Trail through Yaak needs to be rerouted to protect grizzlies

I have been visiting and hiking in the Yaak area since the mid-1990s. As a hiker, camper and wildlife educator, I believe the currently used Pacific Northwest Trail route through the Yaak/Northwest Scenic Peaks area should be altered.

This is not an area anything like other parts of the trail’s route; this area is extremely remote, with almost no services or infrastructure for hikers who need supplies or who run into trouble. You often drive the roads or hike the trails without ever seeing another person — a big problem if you run into trouble.

But the most important reason the trail should not go through this area is not about me, but wildlife. With so few grizzlies in this area, and an incredibly low number of breeding-age females, we simply cannot afford for an ever-increasing number of hikers to have an encounter with a bear that could result in the bear being killed.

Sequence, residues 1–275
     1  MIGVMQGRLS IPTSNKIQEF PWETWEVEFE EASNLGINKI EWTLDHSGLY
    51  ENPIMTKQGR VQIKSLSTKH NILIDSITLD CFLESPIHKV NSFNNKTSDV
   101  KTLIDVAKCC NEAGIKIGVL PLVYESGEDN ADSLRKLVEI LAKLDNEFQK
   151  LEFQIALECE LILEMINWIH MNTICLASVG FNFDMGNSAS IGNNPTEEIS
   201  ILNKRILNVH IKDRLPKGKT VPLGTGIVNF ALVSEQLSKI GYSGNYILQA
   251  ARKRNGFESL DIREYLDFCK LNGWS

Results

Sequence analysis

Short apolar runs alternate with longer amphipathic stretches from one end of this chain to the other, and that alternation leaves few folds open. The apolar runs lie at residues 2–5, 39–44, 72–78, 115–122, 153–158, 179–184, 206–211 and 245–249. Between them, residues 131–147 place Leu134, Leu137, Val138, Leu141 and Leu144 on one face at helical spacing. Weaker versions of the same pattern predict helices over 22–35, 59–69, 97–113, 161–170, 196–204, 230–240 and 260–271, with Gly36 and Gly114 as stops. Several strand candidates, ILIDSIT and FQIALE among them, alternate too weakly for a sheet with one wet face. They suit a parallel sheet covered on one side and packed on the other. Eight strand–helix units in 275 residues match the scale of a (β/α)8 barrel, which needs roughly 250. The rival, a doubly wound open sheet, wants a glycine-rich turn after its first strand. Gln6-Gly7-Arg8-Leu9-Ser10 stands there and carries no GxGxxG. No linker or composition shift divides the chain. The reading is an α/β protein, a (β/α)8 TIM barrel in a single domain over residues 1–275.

I have seen social media posts of Pacific Northwest Trail hikers bragging about not needing bear spray once they leave Glacier, for example, and studies show that carrying bear spray is the best possible way to deter a charging bear.

In addition, back in the 1970s when this trail’s route was first proposed, noted bear biologist the late Dr. Charles Jonkel proposed a different route for the trail, precisely for this reason — to protect a fragile population of grizzly bears. Even just having that number of people hiking through this area will result in additional stress on these bears.

Having spent time in this area, I can also attest to the fact that this more southern route would be much better for hikers for many reasons — access to supplies, medical facilities, cell service, and more recreational opportunities, as the more southern route follows the Kootenai River.

There is simply no good reason for this trail to follow the northern route through the Yaak and Northwest Scenic Peaks area; it needs to be rerouted. I would encourage collaborative discussion about a better route.

-- Tara Morrison, White Bear Lake, Minnesota

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